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Racecars rarely die of old age. Unlike their workaday commuter car counterparts, which get pushed to the limits of their endurance and then left to rust, racecars are cut apart, transformed, reconfigured and beaten mercilessly. The Kline Porsche 911T/R is a happy exception.
In 1968, Porsche built only 35 911T/R coupes for its race and rally customers. Based on the 911T, rather than the heavier S model, the 911T/R was homologated with parts from the 911R of 1967. The cars were stripped of sound deadening, and a limited slip differential was fitted, along with an oil cooler, oversize fuel tank, roll bar, ventilated disc brakes and Koni shock absorbers. Some were built with the 230-horsepower twin-plug 906 engine. Three of the cars — powered by modified two-liter engines of about 180 horsepower — were equipped to compete in SCCA C Production and Trans-Am B Sedan.
Like other 911 models, Porsche’s purpose-built race cars are generating huge interest among collectors and drawing record prices at auction. In March, a 1974 911 Carrera 3.0 IROC RSR sold for $2.3 million. That car has an impressive history – Jerry Seinfeld ownership and IROC participation – but even less significant 911 racecars can have fascinating stories to tell.
One 911T/R was delivered to Kline VW/Porsche in Indianapolis. Mark Smedley, now a physician in Sacramento, Calif., was there when it arrived.
“I recall the car like it was yesterday,” Smedley said. “It had a simple roll bar. The interior was stripped and it didn’t have undercoating. In the trunk were a pair of 46 IDA Weber carbs, a special manifold and a Porsche Type R exhaust system.”
Like most automakers in that era, Porsche was cautious about building complete racecars for the U.S. market, but dealer-installed performance parts were OK.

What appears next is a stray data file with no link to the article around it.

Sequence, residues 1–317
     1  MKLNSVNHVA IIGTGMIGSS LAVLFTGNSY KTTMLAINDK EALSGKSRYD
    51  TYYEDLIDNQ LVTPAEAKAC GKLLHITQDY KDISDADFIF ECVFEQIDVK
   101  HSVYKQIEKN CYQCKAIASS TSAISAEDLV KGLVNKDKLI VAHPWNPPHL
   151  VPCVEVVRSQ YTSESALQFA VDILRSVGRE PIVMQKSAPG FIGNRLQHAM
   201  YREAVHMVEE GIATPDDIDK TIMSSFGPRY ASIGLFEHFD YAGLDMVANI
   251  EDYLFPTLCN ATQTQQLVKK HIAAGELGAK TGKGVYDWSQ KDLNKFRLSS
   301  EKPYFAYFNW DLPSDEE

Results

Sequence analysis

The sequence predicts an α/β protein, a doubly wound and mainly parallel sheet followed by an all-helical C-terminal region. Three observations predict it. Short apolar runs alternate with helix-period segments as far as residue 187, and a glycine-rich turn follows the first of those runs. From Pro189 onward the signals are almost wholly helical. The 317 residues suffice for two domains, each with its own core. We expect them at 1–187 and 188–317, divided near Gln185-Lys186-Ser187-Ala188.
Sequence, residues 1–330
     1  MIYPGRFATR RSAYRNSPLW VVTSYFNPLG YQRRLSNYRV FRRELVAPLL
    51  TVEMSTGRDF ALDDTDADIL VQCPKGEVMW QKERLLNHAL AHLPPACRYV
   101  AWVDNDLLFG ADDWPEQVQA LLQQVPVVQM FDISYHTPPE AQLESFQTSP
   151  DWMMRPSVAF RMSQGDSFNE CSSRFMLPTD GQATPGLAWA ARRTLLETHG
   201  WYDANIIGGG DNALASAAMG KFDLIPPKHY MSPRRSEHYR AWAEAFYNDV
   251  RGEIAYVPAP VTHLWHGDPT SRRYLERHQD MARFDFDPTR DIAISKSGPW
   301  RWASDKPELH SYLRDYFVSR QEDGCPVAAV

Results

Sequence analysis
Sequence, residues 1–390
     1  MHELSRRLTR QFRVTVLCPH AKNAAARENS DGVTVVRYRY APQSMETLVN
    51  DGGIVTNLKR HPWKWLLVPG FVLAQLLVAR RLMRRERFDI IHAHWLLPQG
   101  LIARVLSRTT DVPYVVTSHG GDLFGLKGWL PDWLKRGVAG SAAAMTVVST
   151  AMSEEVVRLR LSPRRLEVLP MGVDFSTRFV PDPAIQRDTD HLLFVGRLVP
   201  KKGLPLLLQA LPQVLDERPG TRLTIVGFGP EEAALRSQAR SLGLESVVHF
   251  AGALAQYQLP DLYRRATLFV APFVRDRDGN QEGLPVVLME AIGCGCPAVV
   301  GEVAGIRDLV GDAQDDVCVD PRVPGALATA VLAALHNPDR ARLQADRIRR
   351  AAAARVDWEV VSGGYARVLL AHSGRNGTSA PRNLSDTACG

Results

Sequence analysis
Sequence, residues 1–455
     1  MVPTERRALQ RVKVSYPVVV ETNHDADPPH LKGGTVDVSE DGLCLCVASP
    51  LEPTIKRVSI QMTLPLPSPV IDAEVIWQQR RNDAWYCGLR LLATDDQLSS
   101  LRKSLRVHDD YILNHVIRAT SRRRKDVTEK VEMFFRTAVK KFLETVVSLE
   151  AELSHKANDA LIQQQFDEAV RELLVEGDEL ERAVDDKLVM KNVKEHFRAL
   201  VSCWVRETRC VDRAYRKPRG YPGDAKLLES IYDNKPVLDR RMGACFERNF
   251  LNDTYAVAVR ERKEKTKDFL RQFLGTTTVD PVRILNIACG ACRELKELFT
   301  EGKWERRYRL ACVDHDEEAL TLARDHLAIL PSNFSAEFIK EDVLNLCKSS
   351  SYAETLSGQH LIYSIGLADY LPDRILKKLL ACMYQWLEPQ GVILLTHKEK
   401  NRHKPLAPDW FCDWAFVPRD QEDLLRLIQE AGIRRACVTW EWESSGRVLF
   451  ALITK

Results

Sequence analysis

Jim Osborne drove the car for Kline in SCCA competition and won the Central Division C Production championship. At Michigan International Speedway’s Trans-Am event, he finished seventh in class.
After a couple of seasons in Kline livery, the 911 was sold to Gene Dodd and Bill Marsh, who continued running it at SCCA events. But it was losing its competitive edge, with the Datsun 240Z becoming the car to beat. The 911 changed hands a couple more times subsequently and was modified and re-modified for different racing classes. Sadly, the pretty 911 that had arrived at Kline back in ’68 was all but gone, having suffered the same fate as so many racecars.
Enter a hero: Roy Sanders of Marietta, S.C., restored the 911T/R to its original appearance and specification. The judges at the Amelia Island Concours d’Elegance rewarded his efforts with a blue ribbon in the racecar class.
Another Porsche lover took up the cause. Phil Bagley of Klub Sport Racing, a
company that purchases, restores, repairs and sells classic Porsches, bought the car and prepped it for vintage racing with modern safety equipment and a potent 911S 2-liter engine. With dual-plug ignition, modified cam timing and contemporary rods and pistons, the engine can rev to 8,500 rpm and knocks out around 230 horsepower — enough to make the Porsche fly.
Bagley sold the 911 to Jim Moore, an auto-industry ad executive and Porsche aficionado who campaigned it in Historic Sports Car Racing events. Having had his turn at the wheel, Moore sold the car back to Bagley.
Not content with anything less than perfection, Bagley stripped the car and restored it fully, ensuring it was mechanically and aesthetically pristine. Then he sold it to David MacNeil, chief executive of WeatherTech, who applied for entry in the Rolex Monterey Motorsports Reunion, vintage races that coincide with the Pebble Beach Concours d’Elegance.
MacNeil plans to be at the wheel when the Kline 911T/R takes to Mazda Raceway Laguna Seca’s tarmac on August 18. We’ll be watching.